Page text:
Bengaluru: Karnataka chief minister Siddaramaiah has launched an initiative to provide nutritious meals to expecting and new mothers for almost 15 months, the latest in a series of populist measures ahead of assembly elections next year.
Under Matru Poorna, as the scheme is called, women will be fed from the time they become pregnant until six months after a child is born. It has a budgetary allocation of Rs302 crore.
Karnataka’s Siddaramaiah-led Congress government has launched several populist schemes targeted at poor, and economically and socially disadvantaged sections to help consolidate his image as a pro-poor politician heading into next year’s assembly elections.
From his first year in office (2013), Siddaramaiah has announced schemes benefiting sections including students, transgenders, backward classes, urban poor and even specific caste groups.
They include Anna Bhagya (free rice), Ksheera Bhagya (free milk for students), Pashu Bhagya (cattle subsidies and assistance), Aarogya Bhagya (free healthcare), Mythri (monthly pension for transgenders) and Manswini (monetary help for poor, unmarried and divorced women). The government also announced a farm loan waiver this year to help farmers hit by drought.
The state is also looking to launch a scheme to provide residential flats (25-30 sq. metres) at Rs1 lakh for the socially weaker sections, the Deccan Herald reported on Tuesday.
Sumanth Raman, a Tamil Nadu-based political analyst, said social security fared high in the populist scheme of things.
“For the poor, getting food into their stomachs is first. Second is having some kind of social security in place," Raman said.
Tamil Nadu—especially under former chief minister, the late J. Jayalalithaa—introduced a flurry of populist schemes under the “Amma" (mother) brand which included setting up canteens to sell low-priced food, medical pharmacies, gymnasiums and even parks.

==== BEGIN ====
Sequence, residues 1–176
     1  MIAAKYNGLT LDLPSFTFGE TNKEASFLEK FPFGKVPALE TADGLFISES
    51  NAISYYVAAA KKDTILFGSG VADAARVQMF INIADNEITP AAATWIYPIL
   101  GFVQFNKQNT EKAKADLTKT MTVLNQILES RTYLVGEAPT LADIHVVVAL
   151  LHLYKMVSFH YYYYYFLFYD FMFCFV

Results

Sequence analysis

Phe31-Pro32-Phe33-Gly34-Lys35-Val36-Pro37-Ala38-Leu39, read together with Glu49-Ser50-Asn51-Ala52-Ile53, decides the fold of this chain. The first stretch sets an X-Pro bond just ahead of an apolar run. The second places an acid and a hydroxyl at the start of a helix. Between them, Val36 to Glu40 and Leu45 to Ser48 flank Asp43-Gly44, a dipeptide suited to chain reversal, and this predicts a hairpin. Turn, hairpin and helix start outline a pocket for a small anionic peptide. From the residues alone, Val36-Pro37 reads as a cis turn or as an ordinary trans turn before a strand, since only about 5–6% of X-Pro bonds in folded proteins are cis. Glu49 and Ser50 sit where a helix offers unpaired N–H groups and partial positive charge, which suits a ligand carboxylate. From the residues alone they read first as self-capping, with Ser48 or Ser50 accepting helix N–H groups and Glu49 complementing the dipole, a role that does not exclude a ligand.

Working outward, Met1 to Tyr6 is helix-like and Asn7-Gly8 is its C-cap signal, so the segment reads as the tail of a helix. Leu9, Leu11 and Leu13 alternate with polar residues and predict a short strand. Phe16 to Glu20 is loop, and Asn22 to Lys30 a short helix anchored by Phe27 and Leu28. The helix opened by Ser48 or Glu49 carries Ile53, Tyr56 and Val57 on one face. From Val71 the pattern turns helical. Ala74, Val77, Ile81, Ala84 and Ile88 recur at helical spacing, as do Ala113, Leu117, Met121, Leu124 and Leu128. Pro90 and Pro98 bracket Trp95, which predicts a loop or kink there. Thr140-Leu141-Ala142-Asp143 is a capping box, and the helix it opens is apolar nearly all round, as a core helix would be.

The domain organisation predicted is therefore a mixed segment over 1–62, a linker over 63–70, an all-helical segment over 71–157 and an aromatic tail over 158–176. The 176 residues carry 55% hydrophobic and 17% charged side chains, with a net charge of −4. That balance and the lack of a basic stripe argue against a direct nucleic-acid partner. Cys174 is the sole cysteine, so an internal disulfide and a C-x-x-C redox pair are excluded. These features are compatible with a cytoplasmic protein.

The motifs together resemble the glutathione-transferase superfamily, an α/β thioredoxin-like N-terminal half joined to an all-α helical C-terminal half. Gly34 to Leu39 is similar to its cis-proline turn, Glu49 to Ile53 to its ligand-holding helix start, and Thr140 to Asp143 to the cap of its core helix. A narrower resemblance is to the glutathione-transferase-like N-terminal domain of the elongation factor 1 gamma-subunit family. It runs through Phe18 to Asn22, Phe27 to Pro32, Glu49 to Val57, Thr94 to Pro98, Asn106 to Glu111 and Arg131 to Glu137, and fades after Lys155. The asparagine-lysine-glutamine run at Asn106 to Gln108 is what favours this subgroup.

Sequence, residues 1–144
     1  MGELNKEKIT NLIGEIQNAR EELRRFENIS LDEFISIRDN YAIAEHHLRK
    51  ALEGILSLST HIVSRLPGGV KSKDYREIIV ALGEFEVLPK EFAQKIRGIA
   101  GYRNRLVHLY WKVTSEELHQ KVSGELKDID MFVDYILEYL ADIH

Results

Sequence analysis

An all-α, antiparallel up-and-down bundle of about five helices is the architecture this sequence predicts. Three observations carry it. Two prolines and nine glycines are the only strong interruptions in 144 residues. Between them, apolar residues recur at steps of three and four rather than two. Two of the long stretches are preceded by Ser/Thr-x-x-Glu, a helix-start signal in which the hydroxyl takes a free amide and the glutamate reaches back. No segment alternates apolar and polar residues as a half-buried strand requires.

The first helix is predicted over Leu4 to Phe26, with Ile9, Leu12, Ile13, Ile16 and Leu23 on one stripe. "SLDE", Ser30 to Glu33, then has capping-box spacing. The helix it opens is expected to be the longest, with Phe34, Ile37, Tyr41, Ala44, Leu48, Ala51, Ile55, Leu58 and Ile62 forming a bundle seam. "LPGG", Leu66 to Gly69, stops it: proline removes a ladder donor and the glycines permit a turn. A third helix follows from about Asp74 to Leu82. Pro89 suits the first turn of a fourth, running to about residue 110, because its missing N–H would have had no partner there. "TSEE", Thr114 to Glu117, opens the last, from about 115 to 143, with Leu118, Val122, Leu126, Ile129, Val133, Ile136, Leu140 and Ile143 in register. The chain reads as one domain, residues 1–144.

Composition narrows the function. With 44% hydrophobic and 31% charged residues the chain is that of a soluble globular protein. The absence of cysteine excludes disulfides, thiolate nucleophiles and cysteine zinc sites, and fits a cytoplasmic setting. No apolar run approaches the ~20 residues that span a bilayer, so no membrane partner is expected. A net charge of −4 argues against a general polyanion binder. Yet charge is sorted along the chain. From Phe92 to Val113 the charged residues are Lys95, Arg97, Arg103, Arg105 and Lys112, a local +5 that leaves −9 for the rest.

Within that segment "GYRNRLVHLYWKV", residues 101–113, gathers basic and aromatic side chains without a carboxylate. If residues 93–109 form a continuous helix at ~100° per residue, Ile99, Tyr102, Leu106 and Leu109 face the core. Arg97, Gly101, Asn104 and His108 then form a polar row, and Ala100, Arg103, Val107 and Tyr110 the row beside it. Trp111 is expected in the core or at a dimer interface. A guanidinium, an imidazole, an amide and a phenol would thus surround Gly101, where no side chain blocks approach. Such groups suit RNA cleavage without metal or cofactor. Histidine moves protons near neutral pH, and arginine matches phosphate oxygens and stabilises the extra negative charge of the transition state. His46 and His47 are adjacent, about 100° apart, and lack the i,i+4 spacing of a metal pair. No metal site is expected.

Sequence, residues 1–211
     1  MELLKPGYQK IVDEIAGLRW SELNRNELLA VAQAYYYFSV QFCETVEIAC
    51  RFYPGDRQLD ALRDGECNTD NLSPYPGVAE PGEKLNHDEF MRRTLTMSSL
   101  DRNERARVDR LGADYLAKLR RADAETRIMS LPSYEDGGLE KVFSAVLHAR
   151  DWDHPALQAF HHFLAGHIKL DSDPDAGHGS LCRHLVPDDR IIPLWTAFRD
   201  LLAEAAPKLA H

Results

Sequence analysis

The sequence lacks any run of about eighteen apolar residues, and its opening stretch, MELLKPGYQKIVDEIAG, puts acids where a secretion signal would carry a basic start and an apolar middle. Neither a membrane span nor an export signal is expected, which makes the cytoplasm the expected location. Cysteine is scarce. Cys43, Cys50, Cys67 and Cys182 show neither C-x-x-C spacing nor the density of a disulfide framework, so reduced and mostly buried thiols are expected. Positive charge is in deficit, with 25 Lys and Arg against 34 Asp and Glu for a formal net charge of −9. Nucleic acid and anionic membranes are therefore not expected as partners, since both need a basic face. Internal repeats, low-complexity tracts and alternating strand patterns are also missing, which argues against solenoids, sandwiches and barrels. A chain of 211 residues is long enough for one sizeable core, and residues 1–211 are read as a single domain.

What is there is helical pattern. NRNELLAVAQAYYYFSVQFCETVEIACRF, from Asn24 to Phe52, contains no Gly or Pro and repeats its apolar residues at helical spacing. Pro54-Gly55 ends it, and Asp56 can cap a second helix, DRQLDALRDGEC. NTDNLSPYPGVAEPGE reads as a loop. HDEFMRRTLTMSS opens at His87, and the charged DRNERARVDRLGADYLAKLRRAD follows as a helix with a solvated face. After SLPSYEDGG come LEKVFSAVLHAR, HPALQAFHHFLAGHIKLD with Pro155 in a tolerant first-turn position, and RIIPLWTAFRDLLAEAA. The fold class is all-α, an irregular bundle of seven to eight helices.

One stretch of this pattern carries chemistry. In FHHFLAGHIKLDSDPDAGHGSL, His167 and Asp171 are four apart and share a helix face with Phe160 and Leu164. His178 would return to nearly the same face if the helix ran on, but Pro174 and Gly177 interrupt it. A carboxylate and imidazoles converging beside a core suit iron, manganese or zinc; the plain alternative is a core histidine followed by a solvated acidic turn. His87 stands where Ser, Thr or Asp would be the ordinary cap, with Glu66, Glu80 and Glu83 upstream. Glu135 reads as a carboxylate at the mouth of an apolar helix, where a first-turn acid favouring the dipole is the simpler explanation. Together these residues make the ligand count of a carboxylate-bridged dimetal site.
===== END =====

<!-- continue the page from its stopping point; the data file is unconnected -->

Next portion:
In Karnataka, Siddaramaiah’s government recently opened Indira canteens to serve subsidized food, a scheme named after the late Congress leader and former Prime Minister Indira Gandhi. The idea was obviously borrowed from Tamil Nadu.
Daily-wage workers who frequent the Indira canteens say who they vote for will depend on the development—or lack of it—in their own constituencies. The canteens won’t influence their vote.
Siddaramaiah’s populist schemes have not been limited to food and nutrition. In successive budgets, he has maintained his focus on minorities, backward classes and dalits. Apart from talking about plans to increase reservations from the existing 50% to 72%, Siddaramaiah commissioned a caste census in 2015—the first since 1932—which experts say would (when released) challenge the dominant community status enjoyed traditionally by the Lingayats and Vokkaligas in the state.
Then there are loan subsidies for business units and for purchase of vehicles, and financial assistance and incentives to students from underprivileged communities.
Raman says the populist schemes may not yield results next year. “Eventually the success of the government is reducing the number of people who need support, which means that you give them the buying power to actually lift them above poverty line and give them a decent life," he said, highlighting the fact that social security is an important factor.
“Unbridled populism" in the long run can, in fact, make a government unpopular as it will have no money to pay for other important projects, he said.